Light Splash: Transparent pipes shape microstructures

A little high-tech plumbing and colored water may change how engineers make miniaturized fluid-carrying structures.

A team at the University of Washington in Seattle has added a new twist to the light-blocking patterns, or photomasks, used like stencils in microchip manufacturing. They’ve invented photomasks containing tiny, transparent pipes into which the engineers have injected dyes that dim the ultraviolet (UV) radiation passing through.

Where less UV light penetrates the photomask, there’s less breakdown of the photosensitive coatings, called photoresists, that cover chips during processing. The coating left behind forms a structure of varying heights that can serve as a mold.

With their additional control over UV exposure, the researchers have patterned polymeric materials with microscopic ramps, stairs, and other complex shapes. Such graded 3-D polymer structures may go into microfluidic devices–networks of microscopic pipes, pumps, and valves that can function, for instance, as teeny chemistry labs (SN: 9/28/02, p. 198: Liquid Logic: Tiny plumbing networks concoct and compute).

Bioengineer Albert Folch says that these new masks, which are themselves microfluidic devices, could be used to create improved miniature fluid networks. Such devices would have channels of various depths and find uses including medical diagnostics, testing drugs in cells, and sensing biological agents.

Folch, Chihchen Chen, and Danny Hirdes describe their microfabrication method in the Feb. 18 Proceedings of the National Academy of Sciences.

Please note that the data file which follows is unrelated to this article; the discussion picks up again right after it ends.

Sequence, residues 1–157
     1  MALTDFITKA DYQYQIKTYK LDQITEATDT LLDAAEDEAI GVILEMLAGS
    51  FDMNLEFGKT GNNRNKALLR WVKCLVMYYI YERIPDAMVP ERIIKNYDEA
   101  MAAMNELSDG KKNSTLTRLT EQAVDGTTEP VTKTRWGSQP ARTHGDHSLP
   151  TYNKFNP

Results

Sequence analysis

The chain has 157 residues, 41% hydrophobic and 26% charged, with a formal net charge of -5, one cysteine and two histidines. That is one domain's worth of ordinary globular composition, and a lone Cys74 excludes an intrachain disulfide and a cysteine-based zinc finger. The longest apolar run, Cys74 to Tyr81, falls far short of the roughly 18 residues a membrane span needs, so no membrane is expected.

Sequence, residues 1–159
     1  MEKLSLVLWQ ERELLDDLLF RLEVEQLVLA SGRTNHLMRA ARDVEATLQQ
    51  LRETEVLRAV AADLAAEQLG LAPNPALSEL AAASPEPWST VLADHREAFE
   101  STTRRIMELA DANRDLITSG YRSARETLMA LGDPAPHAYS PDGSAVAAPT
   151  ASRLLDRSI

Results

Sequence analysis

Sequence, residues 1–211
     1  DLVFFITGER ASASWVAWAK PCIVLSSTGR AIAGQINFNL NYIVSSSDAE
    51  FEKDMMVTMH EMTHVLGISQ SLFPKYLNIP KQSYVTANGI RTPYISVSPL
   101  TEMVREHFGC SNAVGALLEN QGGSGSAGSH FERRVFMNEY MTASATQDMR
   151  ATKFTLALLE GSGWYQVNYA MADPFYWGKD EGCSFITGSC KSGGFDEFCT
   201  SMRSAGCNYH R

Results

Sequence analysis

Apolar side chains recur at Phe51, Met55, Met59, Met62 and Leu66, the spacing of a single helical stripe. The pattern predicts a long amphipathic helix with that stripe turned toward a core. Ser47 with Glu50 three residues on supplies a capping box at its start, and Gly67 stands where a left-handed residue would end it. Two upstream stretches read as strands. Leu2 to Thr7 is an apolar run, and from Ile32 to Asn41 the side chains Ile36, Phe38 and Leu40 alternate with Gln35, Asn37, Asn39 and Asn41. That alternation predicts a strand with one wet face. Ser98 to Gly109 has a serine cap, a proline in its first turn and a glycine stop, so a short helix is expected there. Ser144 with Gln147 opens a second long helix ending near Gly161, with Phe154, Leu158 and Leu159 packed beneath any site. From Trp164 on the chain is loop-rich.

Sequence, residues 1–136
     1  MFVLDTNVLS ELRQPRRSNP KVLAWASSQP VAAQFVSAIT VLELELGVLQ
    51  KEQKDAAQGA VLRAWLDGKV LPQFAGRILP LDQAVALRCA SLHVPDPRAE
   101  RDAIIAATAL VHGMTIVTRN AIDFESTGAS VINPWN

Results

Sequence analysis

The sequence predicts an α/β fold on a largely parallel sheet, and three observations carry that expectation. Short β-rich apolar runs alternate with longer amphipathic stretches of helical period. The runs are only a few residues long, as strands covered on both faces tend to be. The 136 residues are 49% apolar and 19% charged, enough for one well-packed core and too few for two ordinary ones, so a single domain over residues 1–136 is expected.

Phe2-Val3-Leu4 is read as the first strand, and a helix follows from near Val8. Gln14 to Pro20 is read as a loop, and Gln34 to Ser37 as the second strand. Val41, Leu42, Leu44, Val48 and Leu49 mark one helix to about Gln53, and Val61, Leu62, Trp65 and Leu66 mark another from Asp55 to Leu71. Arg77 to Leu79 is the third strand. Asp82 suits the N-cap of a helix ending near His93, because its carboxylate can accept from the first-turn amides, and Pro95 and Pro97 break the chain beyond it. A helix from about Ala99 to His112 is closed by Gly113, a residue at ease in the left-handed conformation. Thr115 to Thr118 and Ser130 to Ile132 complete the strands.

Tiny 3-D structures are tough to construct with conventional photomasks, which generally yield flat components, notes Folch. Typical masks are made of metal patterns deposited on glass and have no internal plumbing. They project only all-or-nothing light patterns onto a photoresist, resulting in microstructures of uniform height. To make variable-height structures, engineers now use multiple exposures of multiple stencils, all of which must be in perfect register.

To develop an alternative approach, Folch and his colleagues laid down ridges of photoresist on a silicon wafer. They coated these ridges with the transparent polymer polydimethylsiloxane and permitted the material to cure. Then they peeled the polymer skin, now laced with channels, from the silicon to use as their adjustable photomask.

To then make molds for microfluidic devices with channels of varying depths, the team filled the new mask’s channels with dye solutions of differing concentrations. Under intense light, the mask rendered ridges of photoresist in various heights on other wafers.

Engineers can quickly change the dye configuration in such a mask to make a different device, points out David Beebe of the University of Wisconsin–Madison. By adding this new technique to a growing toolkit, “we could now make almost any microscale structure as fast as you can [design] the mask on the computer,” he says.


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